Three years after an epic grunt along the length of the Selkirks, four British Columbia ski mountaineers lay claim to an equally arduous first-ever ski traverse of the neighbouring Purcells. Would they undertake the beautiful voyage again? Yaaa–probably not. Story and photographs by Douglas Noblet.
Photographer Douglas Noblet likes to suffer. In 2016, the Nelson, British Columbia, native helped organize a team to ski traverse the Selkirk Mountains, from Kootenay Pass to the Mica Dam, north of Revelstoke, British Columbia. During that 36-day, 520-kilometre (323-mile) trip, they endured unseasonably low snowpack, two broken skis, two broken bindings, three broken poles, and a wily pine marten that stole two kilograms of food. (You can read about that adventure in KMC Winter 2016/17.)
Despite the challenges of that trip, he and a core crew of four others decided to do another British Columbia traverse in April 2019, travelling from Creston to Golden, likely the first continuous ski trip along the entire length of the Purcell Mountain range. The team didn’t suffer any broken gear, and the snowpack was better than their mission three years earlier,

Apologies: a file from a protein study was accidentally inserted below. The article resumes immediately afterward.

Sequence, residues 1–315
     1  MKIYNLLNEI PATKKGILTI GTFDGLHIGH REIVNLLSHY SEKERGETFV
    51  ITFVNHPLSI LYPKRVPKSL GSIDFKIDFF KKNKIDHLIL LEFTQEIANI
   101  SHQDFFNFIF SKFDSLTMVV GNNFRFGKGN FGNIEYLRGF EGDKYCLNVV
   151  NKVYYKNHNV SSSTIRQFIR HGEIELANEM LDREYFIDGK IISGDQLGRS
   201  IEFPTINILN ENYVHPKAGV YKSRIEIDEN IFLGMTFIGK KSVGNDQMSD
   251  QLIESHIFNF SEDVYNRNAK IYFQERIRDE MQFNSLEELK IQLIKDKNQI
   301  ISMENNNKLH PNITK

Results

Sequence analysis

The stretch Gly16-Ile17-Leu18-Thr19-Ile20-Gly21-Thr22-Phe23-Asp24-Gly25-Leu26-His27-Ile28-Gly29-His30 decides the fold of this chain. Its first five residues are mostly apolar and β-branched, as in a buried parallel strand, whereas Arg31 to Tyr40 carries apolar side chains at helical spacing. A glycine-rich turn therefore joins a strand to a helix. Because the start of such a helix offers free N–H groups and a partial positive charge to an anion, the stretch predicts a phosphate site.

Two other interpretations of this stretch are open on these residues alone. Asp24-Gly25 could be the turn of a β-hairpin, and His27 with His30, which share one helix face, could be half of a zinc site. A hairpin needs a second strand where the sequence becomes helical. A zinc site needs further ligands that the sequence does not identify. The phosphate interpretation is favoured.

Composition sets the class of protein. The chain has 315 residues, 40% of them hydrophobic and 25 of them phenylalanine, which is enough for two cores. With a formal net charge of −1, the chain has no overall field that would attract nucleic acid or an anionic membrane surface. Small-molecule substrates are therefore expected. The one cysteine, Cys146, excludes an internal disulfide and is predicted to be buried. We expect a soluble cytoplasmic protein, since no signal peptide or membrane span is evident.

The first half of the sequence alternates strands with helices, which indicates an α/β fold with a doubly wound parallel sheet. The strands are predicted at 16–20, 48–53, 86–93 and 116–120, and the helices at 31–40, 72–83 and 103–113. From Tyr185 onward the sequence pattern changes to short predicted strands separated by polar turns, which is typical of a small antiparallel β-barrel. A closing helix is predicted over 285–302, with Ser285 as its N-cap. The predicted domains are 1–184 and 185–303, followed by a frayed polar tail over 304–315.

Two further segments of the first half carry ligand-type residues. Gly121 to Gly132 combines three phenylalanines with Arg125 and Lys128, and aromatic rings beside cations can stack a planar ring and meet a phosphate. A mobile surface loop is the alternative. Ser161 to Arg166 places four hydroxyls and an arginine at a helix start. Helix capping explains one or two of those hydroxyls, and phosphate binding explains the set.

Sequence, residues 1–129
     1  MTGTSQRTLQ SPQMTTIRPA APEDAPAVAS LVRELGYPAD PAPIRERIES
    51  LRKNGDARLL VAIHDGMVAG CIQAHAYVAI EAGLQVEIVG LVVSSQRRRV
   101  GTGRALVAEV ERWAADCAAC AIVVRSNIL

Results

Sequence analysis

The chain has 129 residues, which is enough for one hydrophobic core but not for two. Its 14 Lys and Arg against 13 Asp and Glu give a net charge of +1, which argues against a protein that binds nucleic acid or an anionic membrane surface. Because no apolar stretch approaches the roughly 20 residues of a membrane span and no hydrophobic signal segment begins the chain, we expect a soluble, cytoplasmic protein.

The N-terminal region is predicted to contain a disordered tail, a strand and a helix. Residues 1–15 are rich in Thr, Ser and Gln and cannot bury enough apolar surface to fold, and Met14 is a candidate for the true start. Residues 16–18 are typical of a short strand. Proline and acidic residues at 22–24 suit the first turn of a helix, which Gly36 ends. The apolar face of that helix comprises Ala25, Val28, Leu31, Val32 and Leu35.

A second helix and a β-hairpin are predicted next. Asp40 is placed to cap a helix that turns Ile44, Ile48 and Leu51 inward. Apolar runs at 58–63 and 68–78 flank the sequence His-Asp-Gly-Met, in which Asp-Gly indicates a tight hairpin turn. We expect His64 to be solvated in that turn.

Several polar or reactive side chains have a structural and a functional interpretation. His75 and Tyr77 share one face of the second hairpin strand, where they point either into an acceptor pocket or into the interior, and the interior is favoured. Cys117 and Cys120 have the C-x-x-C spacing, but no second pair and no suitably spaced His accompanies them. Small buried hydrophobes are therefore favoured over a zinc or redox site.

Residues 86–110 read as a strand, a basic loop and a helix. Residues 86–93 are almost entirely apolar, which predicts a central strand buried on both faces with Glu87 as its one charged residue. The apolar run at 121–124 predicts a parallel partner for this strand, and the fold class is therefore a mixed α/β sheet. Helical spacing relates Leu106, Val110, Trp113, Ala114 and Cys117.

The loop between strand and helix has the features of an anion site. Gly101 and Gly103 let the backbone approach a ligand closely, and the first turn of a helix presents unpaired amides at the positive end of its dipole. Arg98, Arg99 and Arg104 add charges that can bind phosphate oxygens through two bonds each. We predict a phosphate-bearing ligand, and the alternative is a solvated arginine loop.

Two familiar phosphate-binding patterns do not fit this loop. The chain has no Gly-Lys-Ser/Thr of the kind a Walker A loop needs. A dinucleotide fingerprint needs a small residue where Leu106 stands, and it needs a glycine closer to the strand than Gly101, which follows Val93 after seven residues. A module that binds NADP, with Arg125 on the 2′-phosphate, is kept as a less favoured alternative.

but given that it was April, spring hazards were high and they regularly triggered avalanches up to size 2.5. Thankfully, no one was hurt.
In all, the Purcells journey spanned 380 kilometres (236 miles) over 26 days and included 31,000 metres of vertical. “People often ask me if I would do the trip again, and the answer is an easy, no!” says Noblet. “But on the walk down Quarts Creek, myself and Steve [fellow Nelsonite Stephen Senecal] found ourselves talking about the Monashee traverse. Give us a season or two off and you might just see us attempting the next mountain range.”